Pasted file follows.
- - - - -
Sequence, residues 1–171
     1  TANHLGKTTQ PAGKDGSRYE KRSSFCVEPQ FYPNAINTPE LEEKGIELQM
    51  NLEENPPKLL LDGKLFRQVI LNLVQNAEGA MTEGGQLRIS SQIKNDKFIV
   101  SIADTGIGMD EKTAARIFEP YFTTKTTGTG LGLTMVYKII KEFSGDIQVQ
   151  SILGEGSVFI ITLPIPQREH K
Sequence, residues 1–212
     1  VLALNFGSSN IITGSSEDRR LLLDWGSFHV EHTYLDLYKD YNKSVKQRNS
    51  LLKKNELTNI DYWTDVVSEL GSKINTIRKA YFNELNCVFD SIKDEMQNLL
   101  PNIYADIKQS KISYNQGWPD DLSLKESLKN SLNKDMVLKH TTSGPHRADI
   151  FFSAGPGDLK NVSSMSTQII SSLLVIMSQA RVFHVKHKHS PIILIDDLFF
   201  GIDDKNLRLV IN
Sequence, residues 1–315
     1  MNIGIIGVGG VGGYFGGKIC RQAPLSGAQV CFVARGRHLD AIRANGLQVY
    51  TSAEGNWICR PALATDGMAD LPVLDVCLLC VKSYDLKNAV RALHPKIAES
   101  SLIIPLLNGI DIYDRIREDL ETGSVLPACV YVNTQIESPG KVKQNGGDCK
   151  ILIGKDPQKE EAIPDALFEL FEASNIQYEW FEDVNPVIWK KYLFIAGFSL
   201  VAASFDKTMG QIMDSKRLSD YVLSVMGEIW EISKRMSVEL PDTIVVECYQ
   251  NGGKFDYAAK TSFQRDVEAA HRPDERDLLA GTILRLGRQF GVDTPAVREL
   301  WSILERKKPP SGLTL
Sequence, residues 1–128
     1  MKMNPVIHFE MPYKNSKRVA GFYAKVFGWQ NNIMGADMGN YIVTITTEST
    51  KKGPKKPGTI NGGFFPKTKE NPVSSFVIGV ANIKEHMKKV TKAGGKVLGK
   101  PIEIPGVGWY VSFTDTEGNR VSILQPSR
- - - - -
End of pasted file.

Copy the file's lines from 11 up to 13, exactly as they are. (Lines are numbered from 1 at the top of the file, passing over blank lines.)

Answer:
   201  GIDDKNLRLV IN
Sequence, residues 1–315
     1  MNIGIIGVGG VGGYFGGKIC RQAPLSGAQV CFVARGRHLD AIRANGLQVY